Iran has reopened its embassy in Saudi Arabia, seven years after the regional rivals severed diplomatic ties.
Representatives of the Iranian and Saudi foreign ministries attended the ceremony in Riyadh, Saudi-owned Al Arabiya TV reported.
Iran’s Deputy Foreign Minister, Alireza Bigdeli, said it was a sign that cooperation was “entering a new era”.
It comes three months after the Gulf countries agreed to restore ties in a deal brokered by China.
Saudi Arabia cut ties with Iran in 2016 following the storming of its embassy in Tehran by crowds protesting against the kingdom’s execution of a prominent Shia Muslim cleric.
At a meeting with his Saudi counterpart Prince Faisal bin Farhan Al Saud in Cape Town last Friday, Iranian Foreign Minister Hossein Amir-Abdollahian expressed satisfaction with the “good progress made in bilateral ties”.
Iran’s foreign ministry also cited Prince Farhan as saying that the groundwork was being laid to reopen the Saudi embassy in Tehran and confirming that he would visit there “soon”.
Saudi Arabia, which sees itself as the leading Sunni Muslim power, and Iran, the largest Shia Muslim country, have been locked in a struggle for regional dominance for decades. But in recent years, their rivalry has been exacerbated by proxy wars across the Middle East.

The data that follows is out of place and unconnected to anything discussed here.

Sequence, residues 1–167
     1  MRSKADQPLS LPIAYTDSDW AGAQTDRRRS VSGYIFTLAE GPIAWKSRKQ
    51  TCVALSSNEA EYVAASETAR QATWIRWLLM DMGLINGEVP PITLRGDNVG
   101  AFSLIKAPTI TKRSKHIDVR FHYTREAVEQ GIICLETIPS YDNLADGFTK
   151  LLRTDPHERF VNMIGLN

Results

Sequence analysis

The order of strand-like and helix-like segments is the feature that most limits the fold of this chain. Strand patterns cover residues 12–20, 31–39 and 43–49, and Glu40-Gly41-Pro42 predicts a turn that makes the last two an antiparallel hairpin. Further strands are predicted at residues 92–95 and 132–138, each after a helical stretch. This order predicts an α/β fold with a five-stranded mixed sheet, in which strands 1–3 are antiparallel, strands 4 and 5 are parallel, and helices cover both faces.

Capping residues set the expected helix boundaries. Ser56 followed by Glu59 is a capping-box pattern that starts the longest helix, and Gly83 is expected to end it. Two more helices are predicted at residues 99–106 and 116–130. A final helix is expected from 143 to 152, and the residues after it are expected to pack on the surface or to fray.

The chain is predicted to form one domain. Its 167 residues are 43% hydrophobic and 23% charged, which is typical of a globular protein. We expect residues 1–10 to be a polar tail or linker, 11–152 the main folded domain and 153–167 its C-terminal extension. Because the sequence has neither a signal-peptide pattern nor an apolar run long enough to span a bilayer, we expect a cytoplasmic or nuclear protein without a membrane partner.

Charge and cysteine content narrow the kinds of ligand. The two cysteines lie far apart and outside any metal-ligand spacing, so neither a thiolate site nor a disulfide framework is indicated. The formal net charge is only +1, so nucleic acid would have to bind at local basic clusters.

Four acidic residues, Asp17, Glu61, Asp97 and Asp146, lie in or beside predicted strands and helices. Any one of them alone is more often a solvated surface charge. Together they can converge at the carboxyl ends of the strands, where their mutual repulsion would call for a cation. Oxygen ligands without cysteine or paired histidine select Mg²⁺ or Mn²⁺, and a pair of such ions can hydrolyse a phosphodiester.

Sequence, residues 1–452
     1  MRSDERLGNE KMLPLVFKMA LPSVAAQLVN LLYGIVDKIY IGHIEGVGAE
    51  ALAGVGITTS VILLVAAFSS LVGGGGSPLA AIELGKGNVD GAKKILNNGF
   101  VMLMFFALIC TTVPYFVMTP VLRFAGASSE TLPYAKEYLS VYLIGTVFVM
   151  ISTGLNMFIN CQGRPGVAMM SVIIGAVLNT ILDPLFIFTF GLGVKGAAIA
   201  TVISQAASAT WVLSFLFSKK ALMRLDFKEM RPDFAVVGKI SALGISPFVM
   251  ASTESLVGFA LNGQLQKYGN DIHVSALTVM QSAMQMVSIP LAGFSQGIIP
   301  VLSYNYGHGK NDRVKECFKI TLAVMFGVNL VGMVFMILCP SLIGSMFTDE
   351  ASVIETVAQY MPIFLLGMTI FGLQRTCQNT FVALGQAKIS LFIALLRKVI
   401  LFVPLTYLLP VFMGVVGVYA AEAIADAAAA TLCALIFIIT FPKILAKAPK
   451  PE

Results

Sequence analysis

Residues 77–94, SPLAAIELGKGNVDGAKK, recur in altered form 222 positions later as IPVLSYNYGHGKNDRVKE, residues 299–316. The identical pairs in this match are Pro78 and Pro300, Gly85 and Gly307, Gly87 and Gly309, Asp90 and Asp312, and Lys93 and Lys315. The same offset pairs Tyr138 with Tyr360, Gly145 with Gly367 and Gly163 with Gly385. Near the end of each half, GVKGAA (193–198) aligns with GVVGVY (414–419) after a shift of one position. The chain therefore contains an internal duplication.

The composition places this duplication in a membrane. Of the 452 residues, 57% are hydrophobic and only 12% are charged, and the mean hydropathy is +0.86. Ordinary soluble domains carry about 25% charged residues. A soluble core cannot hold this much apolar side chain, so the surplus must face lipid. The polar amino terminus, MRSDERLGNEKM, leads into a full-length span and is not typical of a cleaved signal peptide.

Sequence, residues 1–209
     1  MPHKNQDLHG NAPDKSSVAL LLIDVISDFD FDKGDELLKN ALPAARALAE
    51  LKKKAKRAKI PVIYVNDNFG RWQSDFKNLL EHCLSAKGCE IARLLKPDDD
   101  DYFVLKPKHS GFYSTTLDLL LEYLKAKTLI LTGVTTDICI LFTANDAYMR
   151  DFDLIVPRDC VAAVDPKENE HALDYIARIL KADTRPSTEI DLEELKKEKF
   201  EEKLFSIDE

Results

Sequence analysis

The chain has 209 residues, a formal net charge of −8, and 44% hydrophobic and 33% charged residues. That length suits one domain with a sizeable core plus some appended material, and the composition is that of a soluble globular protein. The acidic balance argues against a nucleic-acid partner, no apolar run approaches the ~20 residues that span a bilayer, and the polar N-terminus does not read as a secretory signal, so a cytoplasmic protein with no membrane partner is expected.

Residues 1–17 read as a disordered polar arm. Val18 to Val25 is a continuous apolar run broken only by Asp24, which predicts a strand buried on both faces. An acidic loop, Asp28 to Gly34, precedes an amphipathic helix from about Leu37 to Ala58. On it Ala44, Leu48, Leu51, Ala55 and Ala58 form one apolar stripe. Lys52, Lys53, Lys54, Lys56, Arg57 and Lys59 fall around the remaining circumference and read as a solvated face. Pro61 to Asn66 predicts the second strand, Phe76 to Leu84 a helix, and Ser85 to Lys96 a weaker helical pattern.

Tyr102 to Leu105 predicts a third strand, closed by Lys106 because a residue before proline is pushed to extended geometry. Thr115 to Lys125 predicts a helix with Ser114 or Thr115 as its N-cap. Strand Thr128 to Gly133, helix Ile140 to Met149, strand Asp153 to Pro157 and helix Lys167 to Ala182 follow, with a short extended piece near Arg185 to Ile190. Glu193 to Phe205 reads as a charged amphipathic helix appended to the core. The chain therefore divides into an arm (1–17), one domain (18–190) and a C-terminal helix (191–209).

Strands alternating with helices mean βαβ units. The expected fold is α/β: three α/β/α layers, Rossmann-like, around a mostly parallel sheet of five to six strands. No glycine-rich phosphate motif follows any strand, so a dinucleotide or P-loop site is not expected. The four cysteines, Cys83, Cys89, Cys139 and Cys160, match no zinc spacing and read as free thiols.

In Yemen, Saudi Arabia has been backing pro-government forces in their war against the Houthi rebel movement since 2015. Iran has denied that it is smuggling weapons to the Houthis, who have carried out missile and drone attacks on Saudi cities and oil infrastructure.
Saudi Arabia has also accused Iran of interfering in Lebanon and Iraq, where Iranian-backed Shia militias have amassed vast military and political influence; of attacking cargo and oil tankers in the Gulf; and of being behind a missile and drone strike in 2019 on major Saudi oil installations. Iran has denied involvement in the attacks on the ships and oil facilities.
The reopening of Iran’s embassy coincided with a visit to Saudi Arabia by the US Secretary of State, Antony Blinken. He is expected to talk to Saudi leaders about Iran, oil prices, Chinese and Russian influence in the region, and the possibility of Saudi Arabia normalising ties with Israel.